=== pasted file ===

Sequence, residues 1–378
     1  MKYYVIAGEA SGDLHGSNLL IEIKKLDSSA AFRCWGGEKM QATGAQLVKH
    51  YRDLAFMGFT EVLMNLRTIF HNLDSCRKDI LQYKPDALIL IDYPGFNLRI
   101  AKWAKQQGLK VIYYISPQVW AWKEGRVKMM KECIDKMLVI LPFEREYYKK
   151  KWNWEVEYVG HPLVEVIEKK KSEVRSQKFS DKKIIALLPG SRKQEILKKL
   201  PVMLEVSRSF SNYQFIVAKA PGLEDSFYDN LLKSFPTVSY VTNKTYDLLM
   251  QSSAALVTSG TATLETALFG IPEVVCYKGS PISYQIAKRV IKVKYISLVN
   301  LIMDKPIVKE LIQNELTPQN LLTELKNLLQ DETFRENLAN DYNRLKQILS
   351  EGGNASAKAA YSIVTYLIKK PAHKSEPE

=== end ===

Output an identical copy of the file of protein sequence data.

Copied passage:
Sequence, residues 1–378
     1  MKYYVIAGEA SGDLHGSNLL IEIKKLDSSA AFRCWGGEKM QATGAQLVKH
    51  YRDLAFMGFT EVLMNLRTIF HNLDSCRKDI LQYKPDALIL IDYPGFNLRI
   101  AKWAKQQGLK VIYYISPQVW AWKEGRVKMM KECIDKMLVI LPFEREYYKK
   151  KWNWEVEYVG HPLVEVIEKK KSEVRSQKFS DKKIIALLPG SRKQEILKKL
   201  PVMLEVSRSF SNYQFIVAKA PGLEDSFYDN LLKSFPTVSY VTNKTYDLLM
   251  QSSAALVTSG TATLETALFG IPEVVCYKGS PISYQIAKRV IKVKYISLVN
   301  LIMDKPIVKE LIQNELTPQN LLTELKNLLQ DETFRENLAN DYNRLKQILS
   351  EGGNASAKAA YSIVTYLIKK PAHKSEPE